Calm after the storm
Across the Midwest, veterinarians, veterinary students, animal groups and volunteers reached out to make sure animals had
food and shelter. And as the water ebbed, the veterinarians remained.
The Iowa Veterinary Rapid Response Team got to work opening a makeshift shelter at Kirkwood Community College after the local
animal shelter in Cedar Rapids flooded and rising water knocked the building off its foundation.
With 20,000 homes evacuated, the response team knew it was in store for an influx of animals.
The facility opened in early June and by June 25 had processed more than 1,000 animals, mainly dogs and cats. Horses, foals,
ferrets and pocket pets also were part of the population from time to time.
Iowa State University College of Veterinary Medicine associate professors Dr. Christine Petersen and Dr. Claudia Baldwin logged
several 12- and 14-hour days at the emergency shelter alongside four other faculty members, a dozen students, several veterinary
technicians and the lead veterinarian at the facility, Dr. Randy Ackman of Cedar Rapids. Baldwin mainly coordinated efforts
and solicited donations for the facility.
The primary focus was preventive care through examination and vaccination.
Because of the time of the year, fleas and heartworm were a major concern, as were respiratory infections, dry eye and other
diseases typically associated with a shelter environment.
Health problems associated with the floodwater, such as diarrhea, worms and ear issues also had to be handled.
But the No. 1 challenge was just caring for the large number of animals. The facility ideally needed three veterinarians and
six veterinary technicians to sign on for a consecutive stay, so each of the three buildings that made up the facility had
its own veterinary team, Baldwin says.
The most pressing problem now is what to do with the animals that owners left behind.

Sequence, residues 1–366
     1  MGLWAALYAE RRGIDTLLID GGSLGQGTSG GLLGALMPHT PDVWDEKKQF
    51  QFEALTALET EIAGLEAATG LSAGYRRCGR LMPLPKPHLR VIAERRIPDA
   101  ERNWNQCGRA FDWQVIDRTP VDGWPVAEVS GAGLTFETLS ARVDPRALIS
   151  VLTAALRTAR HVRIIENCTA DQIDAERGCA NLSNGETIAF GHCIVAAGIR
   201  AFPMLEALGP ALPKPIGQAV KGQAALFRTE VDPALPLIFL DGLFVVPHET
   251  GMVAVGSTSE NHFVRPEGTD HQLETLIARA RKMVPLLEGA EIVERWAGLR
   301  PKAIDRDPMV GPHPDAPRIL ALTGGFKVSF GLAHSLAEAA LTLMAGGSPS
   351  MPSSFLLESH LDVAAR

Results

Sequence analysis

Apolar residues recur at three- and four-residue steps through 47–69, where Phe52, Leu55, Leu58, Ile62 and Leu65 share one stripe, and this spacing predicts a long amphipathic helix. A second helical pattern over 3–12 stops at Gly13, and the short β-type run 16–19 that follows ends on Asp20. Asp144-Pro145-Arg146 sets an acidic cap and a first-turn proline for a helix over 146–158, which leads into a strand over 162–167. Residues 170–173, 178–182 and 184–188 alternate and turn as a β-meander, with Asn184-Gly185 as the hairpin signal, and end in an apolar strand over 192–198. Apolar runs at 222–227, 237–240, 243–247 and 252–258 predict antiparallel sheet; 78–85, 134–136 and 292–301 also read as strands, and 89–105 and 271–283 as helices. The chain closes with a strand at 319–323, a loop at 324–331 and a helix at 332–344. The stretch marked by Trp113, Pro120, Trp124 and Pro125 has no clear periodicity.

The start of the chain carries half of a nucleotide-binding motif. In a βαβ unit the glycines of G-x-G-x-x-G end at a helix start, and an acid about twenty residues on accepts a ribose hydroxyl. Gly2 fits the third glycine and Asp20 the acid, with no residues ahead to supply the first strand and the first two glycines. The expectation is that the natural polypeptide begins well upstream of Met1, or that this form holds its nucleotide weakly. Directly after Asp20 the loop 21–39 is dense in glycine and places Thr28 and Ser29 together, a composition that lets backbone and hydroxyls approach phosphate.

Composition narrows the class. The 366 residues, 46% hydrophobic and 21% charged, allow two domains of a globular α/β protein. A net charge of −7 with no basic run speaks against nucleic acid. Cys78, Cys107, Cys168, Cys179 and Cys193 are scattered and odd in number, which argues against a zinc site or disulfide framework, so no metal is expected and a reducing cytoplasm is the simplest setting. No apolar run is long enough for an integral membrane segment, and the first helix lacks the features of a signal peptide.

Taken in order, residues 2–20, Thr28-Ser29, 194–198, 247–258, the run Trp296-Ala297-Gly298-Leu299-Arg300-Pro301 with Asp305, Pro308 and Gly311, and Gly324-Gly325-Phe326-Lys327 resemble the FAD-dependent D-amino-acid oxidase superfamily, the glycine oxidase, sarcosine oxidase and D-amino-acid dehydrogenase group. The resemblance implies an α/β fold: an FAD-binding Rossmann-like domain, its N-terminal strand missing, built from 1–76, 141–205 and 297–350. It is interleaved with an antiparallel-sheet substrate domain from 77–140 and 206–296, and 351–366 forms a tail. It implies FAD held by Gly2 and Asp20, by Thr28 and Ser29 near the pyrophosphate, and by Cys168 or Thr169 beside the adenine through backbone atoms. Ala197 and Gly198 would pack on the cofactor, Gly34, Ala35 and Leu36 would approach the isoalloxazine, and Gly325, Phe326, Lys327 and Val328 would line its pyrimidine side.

"Certainly there are worries that people won't come back for their animals, but so far it looks like people are returning,"
Baldwin says. "We're hoping that continues."
Whether Cedar Rapids will be able to rebuild its permanent shelter is uncertain. Fewer animals were in need of sheltering
in Iowa City — about 100 — but local practitioners and volunteers stepped up to help, including two third-year Iowa State
Des Moines also opened an emergency shelter, but due to the capacity of the existing shelter it wasn't necessary to open an
off-site facility. The city took in about 45 animals.
Relief for veterinarians
Monique Buonincontro, AVMF grants coordinator, says veterinarians who assisted during the disaster or whose home or clinic
was destroyed or who lost a significant amount of income can apply for a grant to help recoup some of those losses. Veterinarians
have up to nine months after the disaster to apply.
By press time, Buonincontro had received only three applications — two animal-care reimbursement applications from veterinarians
in Iowa, who rescued and sheltered dogs, and one from a veterinarian in Wisconsin Dells whose clinic was damaged.
Dr. Kenneth Kozlowski, of the Pine Knoll Veterinary Clinic in Wisconsin Dells, was awarded a $2,000 Veterinary Relief Grant.
The Waverly Veterinary Clinic in Waverly, Iowa, and the Vinton Veterinary Clinic in Vinton, Iowa, both were awaiting word
on whether they would receive a grant.
Veterinarians in Illinois, Iowa, Wisconsin, Indiana and Missouri can apply for the $2,000 grant, which is for damages to a
veterinary clinic or a veterinarian's home, and/or the $5,000 Animal Care Reimbursement Grant.
Whether veterinarians apply for the grants, it's obvious everyone has been working hard in the Midwest. "Life experiences
are educational if you're aware of what's going on," says John Thomson, dean of Iowa's College of Veterinary Medicine.
"It's real easy, if you don't feel it directly, not to learn from it. We're all going to learn from it."